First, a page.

Real Cajun Cooking lets you choose from hundreds of authentic Cajun recipes. Learn to easily prepare and cook original Cajun-style family meals with help from south Louisiana's Cajun cook and connoisseur, Jacques Gaspard, who's been preparing great Cajun meals for over 50 years. Create the best gumbos, seafood, jambalaya, stews, salads and deserts – the way they were originally prepared. Besides great original recipes, you will discover a hodgepodge of stories, recordings, music, videos and humorous anecdotes to entertain. So enjoy! Don't forget to tell all of your family and friends about Real Cajun Cooking. They will thank you for it.

Tuesday, March 14, 2017

Bacon-flavored Ol' Time Homemade Cathead Biscuits

Cathead Biscuits made with hog lard was a very tasty treat at breakfast time when I was a kid growing up on the farm and had a very distinct taste which separated it from today's traditional methods of making biscuits.

Hog lard was the most used cooking fat in our home at that time. There were also occasions when we used the rendered fat of other animals (chicken and beef) in which to prepare specific meals which were associated with the cut of meat being cooked.

If you have never experienced the taste of an omelet or scrambled eggs using a couple teaspoons of chicken oil, then you have missed out on some wonderful taste. To learn how to render oil from chicken skins see an earlier post entitled "Cacklin Cracklins".

Retail hog lard has begun to slowly disappear from the marketplace (even in the deep south) as it is steadily being replaced with processed industrial oils like soy and Canola--the same stuff used in lubricating machinery, running diesel engines, in the formulation of toxic pesticides, as well as for cooking. You can learn more about the toxic effects of soy and Canola oil as a food substance by visiting here.

Today we are going to bake-up a batch of Ol' Time Homemade Cat Head Biscuits made with bacon drippings. I suppose the reason they might be called "Cat Head" biscuits might be because someone  fashioned the biscuits by hand a little larger than usual and they wound-up looking similar to, and as big as, a cat's head when they were done baking. That sounds like a plausible story to me, so I'm sticking with it. I do remember when one of 'em could just about fill me up back in the old days when I was a boy.

I don't fashion the biscuit dough with my hands, however. Instead, I use the opened end of a clean empty food can as my biscuit cutter. It gives me more biscuits of normal size (6 - 8 servings).

This recipe will add a slight bacon flavor to your batch of cat heads. When using bacon drippings keep in mind that it already contains salt from the curing process. Therefore, in this recipe there is no need to add salt when converting the all-purpose flour into self-rising flour.

Note: To make 1 cup of self-rising flour add 1 1/4 tsp. baking powder, a small pinch of baking soda and 1/4 tsp. salt to 1 cup of all-purpose flour and mix thoroughly.

As mentioned previously, there is no need to add salt to make your self-rising flour in this recipe because the bacon drippings already contain enough to create the chemical reaction with the baking powder and baking soda that is needed to make the biscuits rise.

Tip: Liquified bacon drippings can be put in the freezer for a few minutes and it will solidify enough to be cut-in with your flour mix.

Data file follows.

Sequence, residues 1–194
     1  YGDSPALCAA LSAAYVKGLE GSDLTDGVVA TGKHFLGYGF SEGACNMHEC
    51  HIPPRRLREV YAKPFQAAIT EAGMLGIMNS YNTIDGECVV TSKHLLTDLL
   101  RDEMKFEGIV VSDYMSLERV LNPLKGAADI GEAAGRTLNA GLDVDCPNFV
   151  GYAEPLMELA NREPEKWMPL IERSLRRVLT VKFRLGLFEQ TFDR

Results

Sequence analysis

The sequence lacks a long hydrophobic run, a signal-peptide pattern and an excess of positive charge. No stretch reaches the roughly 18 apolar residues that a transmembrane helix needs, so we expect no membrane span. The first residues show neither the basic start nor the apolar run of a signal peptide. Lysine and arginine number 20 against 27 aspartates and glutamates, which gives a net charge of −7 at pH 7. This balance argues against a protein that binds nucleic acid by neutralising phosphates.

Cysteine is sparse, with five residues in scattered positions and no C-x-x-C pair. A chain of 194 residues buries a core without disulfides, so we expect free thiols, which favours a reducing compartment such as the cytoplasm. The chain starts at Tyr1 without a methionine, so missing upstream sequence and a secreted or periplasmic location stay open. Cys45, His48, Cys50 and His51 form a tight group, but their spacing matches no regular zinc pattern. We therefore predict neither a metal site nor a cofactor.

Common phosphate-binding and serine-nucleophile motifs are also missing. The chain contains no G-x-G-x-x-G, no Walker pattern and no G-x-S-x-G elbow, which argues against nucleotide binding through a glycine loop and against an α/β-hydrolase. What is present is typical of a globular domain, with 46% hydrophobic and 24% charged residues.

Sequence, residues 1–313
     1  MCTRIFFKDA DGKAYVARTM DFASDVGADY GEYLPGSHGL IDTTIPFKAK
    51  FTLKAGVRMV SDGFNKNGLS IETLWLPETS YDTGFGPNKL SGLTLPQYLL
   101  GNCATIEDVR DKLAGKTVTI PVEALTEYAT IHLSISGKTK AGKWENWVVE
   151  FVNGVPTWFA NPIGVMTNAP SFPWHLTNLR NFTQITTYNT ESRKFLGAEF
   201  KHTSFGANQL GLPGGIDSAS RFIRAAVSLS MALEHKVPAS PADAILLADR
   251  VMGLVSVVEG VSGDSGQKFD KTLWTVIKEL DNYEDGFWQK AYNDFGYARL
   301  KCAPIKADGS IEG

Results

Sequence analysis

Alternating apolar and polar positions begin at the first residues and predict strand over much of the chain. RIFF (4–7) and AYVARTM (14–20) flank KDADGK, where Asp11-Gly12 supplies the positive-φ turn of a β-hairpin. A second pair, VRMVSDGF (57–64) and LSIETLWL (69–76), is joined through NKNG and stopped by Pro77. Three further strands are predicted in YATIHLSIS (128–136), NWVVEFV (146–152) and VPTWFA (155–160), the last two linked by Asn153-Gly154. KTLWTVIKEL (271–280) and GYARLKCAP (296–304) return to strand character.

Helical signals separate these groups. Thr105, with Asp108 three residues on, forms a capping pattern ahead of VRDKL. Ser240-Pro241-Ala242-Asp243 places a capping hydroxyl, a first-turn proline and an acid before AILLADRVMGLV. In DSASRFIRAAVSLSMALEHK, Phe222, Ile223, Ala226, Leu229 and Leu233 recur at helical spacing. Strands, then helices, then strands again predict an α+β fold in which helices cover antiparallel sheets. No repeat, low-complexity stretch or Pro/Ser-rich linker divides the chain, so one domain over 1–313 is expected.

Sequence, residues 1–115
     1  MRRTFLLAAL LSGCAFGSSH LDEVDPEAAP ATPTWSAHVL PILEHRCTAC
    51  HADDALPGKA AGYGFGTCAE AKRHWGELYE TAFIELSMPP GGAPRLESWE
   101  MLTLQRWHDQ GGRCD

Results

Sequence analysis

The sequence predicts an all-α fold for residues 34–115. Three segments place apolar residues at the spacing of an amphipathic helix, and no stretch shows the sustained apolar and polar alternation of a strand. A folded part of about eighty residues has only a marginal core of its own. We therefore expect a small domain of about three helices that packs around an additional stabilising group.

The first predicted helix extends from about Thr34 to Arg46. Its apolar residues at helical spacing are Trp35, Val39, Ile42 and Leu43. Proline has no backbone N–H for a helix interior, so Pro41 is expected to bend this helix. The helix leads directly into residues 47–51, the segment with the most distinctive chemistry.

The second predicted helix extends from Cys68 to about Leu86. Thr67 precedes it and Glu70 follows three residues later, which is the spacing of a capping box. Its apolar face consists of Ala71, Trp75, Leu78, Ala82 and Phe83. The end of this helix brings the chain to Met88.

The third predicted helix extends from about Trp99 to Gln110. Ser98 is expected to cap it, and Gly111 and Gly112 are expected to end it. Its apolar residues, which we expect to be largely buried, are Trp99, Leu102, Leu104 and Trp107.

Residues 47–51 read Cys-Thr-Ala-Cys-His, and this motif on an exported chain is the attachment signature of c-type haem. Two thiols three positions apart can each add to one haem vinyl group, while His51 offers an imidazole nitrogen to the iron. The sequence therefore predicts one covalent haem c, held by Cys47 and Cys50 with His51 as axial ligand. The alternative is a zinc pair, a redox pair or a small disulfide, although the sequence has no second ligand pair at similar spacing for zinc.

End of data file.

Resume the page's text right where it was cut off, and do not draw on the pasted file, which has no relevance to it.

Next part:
Ingredients

  • 2 cup self-rising flour
  • 3 Tbs. solid and cold hog lard (bacon drippings)
  • 1 cup milk

Instructions

  1. preheat oven to 450 degrees F.
  2. add self-rising flour into a food blender
  3. using the "Pulse" feature add 1/3 of the cold hog lard at the time until it mixes-in well with the flour
  4. slowly add and pulse the 1 cup of milk into the blender until a soft dough is made
  5. roll out the biscuit dough on a slightly floured cutting board to about 1/2 inch thick
  6. cut your biscuits into circles (the size of a soup can)
  7. place the biscuits onto a slightly oiled pan (touching)
  8. bake at 450 degrees F. for 10 - 12 minutes

Serves 6 - 8
Bon Appetit!
KT
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Saturday, March 11, 2017

Shrimp Etouffee (A-2-Fay)

Shrimp Etouffee (A-2-Fay) is just a fancy Cajun French expression for 'smothered' shrimp. The gulf shrimp are slow-cooked in a thick and rich garlic butter sauce. We begin by sautéing the Cajun trinity of vegetables--chopped onions, celery and bell pepper--to bring out the traditional and unmistakable flavors of Cajun-style cuisine.

The meal is simple to prepare and rates highly among the more popular Cajun entrées.

Ingredients

    Shrimp Etouffee (A-2-Fay)
  • 2 lbs. fresh medium shrimp, peeled and deveined
  • 1/2 cup butter
  • 1/2 cup all-purpose flour
  • 1 cup onions, chopped
  • 1 medium bell pepper, chopped
  • 1/2 cup celery, chopped
  • 3 cloves garlic, minced
  • 1 small can tomato juice
  • 1 1/2 cups water
  • salt and pepper to taste

Instructions
    1. melt butter and stir-in flour, onions, celery and bell pepper, mixing well
    2. cook on medium heat until the vegetables become translucent
    3. blend-in the tomato juice, water, garlic and seasonings
    4. simmer on medium-low heat for 30 minutes, stirring frequently
    5. add the fresh medium shrimp and cook for an additional 20 minutes
    6. serve over cooked long grain rice
     Yields 4 to 6 servings.

    Question: How do you smother chicken?
    Answer: Use tiny pillows and sneak-up on 'em while they are sleeping.

    Ahheee!! C'est bon!
    KT
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